In an interview with RIA Novosti, Anatoly Antonov said:
“It seems that ISAF forces in Afghanistan did not fulfil a mandate issued by the UN Security Council. Neither have we seen a full report on their activities there. Hopefully, NATO-led Resolute Support mission will be able to do more.”
Antonov added that despite the international efforts, Taliban still poses a serious threat for the Afghan security.
“The number of killed civilians hit a record high last year. Of course, Taliban insurgents also incur losses. But neither party has managed to turn the situation to its advantage.”
Antonov also underscored that suspension of cooperation between NATO and Russia on Afghanistan was counterproductive.
NATO foreign ministers announced the decision to suspend all practical contact with Moscow in early April 2014 citing the situation in Ukraine.
Escalating Tensions in Afghanistan Pose Threat to Russia, Allies in Central Asia
Escalation of the conflict in northern Afghanistan threatens Russia and its allies with a possible spread of conflict to Central Asia, Anatoly Antonov said.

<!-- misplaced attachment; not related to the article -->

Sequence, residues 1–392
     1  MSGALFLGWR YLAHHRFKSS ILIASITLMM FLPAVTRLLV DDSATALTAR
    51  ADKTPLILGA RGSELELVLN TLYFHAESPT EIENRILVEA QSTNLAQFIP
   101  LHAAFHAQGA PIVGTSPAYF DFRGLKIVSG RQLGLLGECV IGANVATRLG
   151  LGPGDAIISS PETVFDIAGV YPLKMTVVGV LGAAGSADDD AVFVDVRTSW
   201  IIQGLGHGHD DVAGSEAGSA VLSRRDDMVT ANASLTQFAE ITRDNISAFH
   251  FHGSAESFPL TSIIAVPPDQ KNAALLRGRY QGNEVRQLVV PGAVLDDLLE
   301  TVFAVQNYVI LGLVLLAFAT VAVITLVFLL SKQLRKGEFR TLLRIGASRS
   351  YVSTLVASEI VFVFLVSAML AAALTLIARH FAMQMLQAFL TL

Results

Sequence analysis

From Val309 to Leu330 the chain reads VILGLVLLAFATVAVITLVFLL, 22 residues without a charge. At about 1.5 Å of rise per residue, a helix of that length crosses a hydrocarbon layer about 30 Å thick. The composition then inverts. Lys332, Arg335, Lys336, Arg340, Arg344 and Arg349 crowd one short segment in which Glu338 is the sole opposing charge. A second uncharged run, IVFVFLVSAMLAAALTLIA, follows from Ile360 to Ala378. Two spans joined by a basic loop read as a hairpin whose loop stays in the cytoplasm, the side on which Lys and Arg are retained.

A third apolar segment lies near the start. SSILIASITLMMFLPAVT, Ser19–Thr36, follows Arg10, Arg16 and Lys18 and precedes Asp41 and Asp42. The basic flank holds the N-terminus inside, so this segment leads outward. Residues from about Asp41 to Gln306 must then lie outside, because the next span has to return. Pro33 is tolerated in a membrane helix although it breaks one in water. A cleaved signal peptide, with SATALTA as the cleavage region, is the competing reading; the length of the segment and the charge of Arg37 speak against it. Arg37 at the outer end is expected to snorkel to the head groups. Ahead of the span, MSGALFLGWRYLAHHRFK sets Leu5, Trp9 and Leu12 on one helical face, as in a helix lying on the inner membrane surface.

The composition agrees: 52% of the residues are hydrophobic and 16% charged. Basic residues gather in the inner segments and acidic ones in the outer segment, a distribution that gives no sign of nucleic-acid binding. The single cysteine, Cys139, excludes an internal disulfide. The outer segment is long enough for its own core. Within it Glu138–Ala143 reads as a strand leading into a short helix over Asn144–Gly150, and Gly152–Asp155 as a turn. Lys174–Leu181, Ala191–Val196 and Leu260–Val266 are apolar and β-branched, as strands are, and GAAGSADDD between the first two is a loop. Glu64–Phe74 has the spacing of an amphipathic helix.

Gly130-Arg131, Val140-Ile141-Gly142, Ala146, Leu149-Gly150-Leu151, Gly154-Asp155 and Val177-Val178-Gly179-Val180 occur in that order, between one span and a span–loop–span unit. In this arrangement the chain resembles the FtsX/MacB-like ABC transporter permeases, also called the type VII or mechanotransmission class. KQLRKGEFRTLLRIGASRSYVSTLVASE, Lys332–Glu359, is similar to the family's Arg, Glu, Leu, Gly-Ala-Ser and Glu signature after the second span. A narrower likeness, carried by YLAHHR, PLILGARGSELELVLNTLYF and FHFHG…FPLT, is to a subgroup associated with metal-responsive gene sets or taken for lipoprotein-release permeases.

“An escalation of tension in northern Afghanistan poses a serious threat for Russia and its allies due to its possible 'spillover' to Central Asia. There are some signs of deteriorating security situation on the border between Turkmenistan and Afghanistan.”
Following the withdrawal of international combat troops from Afghanistan in late 2014, Afghan authorities took up responsibility to provide security in the country with their own resources. The Taliban intensified its activity.
Islamic State Could Aggravate Situation in Afghanistan
The Islamic State could affect the situation in Afghanistan as it tries to expand its reign of terror, Anatoly Antonov said.
The deputy minister also noted the continued presence of al-Qaeda in Afghanistan.
“It is impossible not to draw attention to a new alarming development — the radicals have begun to move into the camp of the Islamic State.”
Afghan forces have been solely responsible for security in the country since the start of 2015, when NATO ended its International Security Assistance Force (ISAF) mission and launched a new, non-combat mission in the country.
The group has seized vast areas of Iraq and Syria, and attracted thousands of foreign fighters. Armed groups in several other countries have sworn alliance to IS.